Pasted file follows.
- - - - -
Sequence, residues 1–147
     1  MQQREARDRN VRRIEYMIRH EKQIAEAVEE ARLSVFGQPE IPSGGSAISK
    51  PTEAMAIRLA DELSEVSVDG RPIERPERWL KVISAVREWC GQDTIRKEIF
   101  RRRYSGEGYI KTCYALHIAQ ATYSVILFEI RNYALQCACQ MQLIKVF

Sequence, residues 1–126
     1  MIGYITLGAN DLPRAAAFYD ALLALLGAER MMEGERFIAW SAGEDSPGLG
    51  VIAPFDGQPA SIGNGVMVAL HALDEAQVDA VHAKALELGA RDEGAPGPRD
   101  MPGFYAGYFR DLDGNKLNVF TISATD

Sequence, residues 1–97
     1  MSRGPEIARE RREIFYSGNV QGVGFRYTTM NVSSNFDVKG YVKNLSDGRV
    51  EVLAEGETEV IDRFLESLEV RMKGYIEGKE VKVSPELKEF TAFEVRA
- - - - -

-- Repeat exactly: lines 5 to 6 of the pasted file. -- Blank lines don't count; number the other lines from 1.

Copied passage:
Sequence, residues 1–126
     1  MIGYITLGAN DLPRAAAFYD ALLALLGAER MMEGERFIAW SAGEDSPGLG